We were stuck in jetlag land last night. Pablo finally slept about 2am and then we were awake till six am. Woke up for an 11am meeting with Evan Raskob, the programmer working on the Chameleon Project.

We worked through some of the algorithms, but really we need to sit down with Chris Frith, the social neuroscientist working on the project. We looked at the piece that explores the propagation of emotions. We slowed it down, played with scale and paced the propagation with it so we could see what was going on. Its a really complex set of probabilities that is hard to understand, Especially in the midst of jetlag. Its looking much better than the first version, but its pretty essential to sit down with both Chris and Evan for a few hours so we all make sure we are understanding each other.


We discussed what was next. We need to try a version of the propagation piece that only captures the facial expression and not upper body. We need to experiment with how it looks spatially – can it work in a row? A cross? What is the best way for it to work? Can the figures just be facing each other, as if in dialogue?

We need to get the version of the two heads facing each other working in Processing.




We also need to work with the two faces one and investigate ways of scouring the web to find appropriate text to transpose onto the work. We will try to the api of – the api , for example .

Returned XML samples:

The API is free under the Creative Commons Attribution-NonCommercial-Sharealike license ( ).

Sites that use this API must provide attribution by including the following html on their site:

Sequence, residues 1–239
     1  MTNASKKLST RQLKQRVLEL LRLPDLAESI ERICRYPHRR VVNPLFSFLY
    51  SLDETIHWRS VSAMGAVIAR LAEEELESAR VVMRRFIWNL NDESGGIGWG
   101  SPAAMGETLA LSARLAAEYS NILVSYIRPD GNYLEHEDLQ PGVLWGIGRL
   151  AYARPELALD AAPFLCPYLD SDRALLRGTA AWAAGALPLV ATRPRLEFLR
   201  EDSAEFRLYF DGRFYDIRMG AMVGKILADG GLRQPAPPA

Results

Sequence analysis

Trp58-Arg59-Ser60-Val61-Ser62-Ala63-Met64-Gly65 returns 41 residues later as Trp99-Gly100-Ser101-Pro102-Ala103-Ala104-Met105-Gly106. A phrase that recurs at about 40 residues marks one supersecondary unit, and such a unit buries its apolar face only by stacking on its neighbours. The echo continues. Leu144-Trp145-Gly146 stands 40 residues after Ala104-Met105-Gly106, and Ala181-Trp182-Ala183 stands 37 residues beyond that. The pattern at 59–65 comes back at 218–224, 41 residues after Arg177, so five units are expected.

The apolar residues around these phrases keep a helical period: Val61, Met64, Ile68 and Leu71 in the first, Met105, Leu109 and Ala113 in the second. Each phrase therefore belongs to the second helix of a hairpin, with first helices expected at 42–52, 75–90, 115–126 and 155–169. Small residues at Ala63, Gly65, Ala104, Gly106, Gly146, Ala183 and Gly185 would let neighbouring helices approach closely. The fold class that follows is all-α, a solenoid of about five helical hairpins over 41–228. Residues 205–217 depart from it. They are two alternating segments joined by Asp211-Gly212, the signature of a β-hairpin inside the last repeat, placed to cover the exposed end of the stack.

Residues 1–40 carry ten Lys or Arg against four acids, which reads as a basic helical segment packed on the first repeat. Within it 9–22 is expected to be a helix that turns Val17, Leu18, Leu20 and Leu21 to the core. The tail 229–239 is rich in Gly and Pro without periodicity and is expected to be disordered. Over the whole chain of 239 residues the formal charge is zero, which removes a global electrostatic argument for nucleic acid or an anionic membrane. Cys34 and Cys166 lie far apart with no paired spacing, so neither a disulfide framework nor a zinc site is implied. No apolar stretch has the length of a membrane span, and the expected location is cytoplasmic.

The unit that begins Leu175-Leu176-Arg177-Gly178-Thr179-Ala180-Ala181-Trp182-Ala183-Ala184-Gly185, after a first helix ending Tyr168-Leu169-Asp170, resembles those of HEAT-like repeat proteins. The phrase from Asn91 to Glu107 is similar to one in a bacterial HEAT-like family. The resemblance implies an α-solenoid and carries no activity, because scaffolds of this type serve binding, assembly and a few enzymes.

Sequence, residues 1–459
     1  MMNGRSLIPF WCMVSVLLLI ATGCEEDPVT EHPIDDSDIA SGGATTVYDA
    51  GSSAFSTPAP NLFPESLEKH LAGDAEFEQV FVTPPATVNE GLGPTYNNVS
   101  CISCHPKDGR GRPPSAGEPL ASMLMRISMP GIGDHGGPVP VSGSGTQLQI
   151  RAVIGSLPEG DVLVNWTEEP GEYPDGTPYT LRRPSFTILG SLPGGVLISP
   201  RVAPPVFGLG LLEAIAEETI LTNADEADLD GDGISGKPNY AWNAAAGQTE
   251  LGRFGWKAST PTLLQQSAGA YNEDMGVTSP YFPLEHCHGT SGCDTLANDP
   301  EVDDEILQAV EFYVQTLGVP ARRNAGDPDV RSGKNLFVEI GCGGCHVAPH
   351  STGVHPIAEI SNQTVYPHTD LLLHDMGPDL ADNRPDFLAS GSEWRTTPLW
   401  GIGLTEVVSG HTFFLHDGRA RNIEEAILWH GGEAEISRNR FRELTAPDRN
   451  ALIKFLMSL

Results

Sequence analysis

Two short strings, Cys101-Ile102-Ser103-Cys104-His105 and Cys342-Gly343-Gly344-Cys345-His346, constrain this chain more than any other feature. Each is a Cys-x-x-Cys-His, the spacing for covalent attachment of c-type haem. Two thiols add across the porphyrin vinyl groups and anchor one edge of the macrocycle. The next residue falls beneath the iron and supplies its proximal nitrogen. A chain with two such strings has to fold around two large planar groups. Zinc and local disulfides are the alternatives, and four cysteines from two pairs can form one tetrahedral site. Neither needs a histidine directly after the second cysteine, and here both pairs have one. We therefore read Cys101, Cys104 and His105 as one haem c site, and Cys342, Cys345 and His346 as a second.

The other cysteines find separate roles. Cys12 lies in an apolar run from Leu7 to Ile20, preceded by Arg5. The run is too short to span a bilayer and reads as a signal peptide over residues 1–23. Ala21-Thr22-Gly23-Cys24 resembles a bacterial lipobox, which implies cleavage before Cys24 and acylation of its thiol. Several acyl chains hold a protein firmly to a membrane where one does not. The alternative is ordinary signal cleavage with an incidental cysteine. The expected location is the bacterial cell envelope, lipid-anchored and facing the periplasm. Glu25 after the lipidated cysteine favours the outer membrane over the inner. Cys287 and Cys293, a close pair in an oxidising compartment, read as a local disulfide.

Powered by: We Feel Fine.

Finally, we discussed the integration of touch. Evan mentioned some one who is pretty switched on with dealing with haptics. It would be great to meet him next week.

post Reflection on MIT and BMNI residencies.

April 3rd, 2008

Filed under: CHAMELEON PROJECT — Tina @ 1:39 am

We are back in London, here to restart the Synapse Residency at the Wellcome Department of Neurology to work with social neuroscientist Chris Frith and also to work with emotion neuroscientist Hugo Critchley at the Brighton and Sussex Medical School. Together, we are working on a video installation project that explores emotional contagion. London is a touch greener than when we left. A touch warmer.

I have been away from London for over six weeks. I am travelling with my partner, Matthew and my young son, Pablo. When we left London, we flew to NYC for a week, meeting with MOMA and Eyebeam and a few other friends. We then trained it to Boston to work with the affective computing group at MIT Medialab. We then headed to Banff New Media Institute (BMNI) for a month for the Liminal Screen Residency where I spent a lot of time in the studio shooting new footage for the project. We then headed back to MIT, and now we are back in London.

It was a great time away. The project has grown incredibly. It makes a lot more sense to me than it did six weeks ago – just how the technology will actually work, how to build the project. I can see how the collaboration is beginning to work (and not work). The first visual directions are being explored, and I like where its at right now. Its already grown in ways that I hadn’t anticipated. When in the studio at Banff, I shot using 3 cameras, which I wasn’t expecting to do, but it was an important choice, both to create engagement and dynamic with the interaction. Also, while directing the participants to act out the emotions in front of the camera, some were more comfortable talking about their emotions. I asked them to talk in a way that they were addressing the camera as ‘the other’ that they had an emotional issue with. This was great, as I find the narratives and the intertwined stories quite compelling. Also, it automatically implicates the audience into the emotional drama. This is important, as it brings engagement – essential for people to WANT to be bothered to interact with the work. Over the month at BMNI we worked through a few interactive prototypes both using Max MSP and Processing, and slowly its revealing itself to be quite engaging. There is a lot more work, but its a great beginning. The time spent working in Banff was fantastic, and I walked away with better footage than i imagined.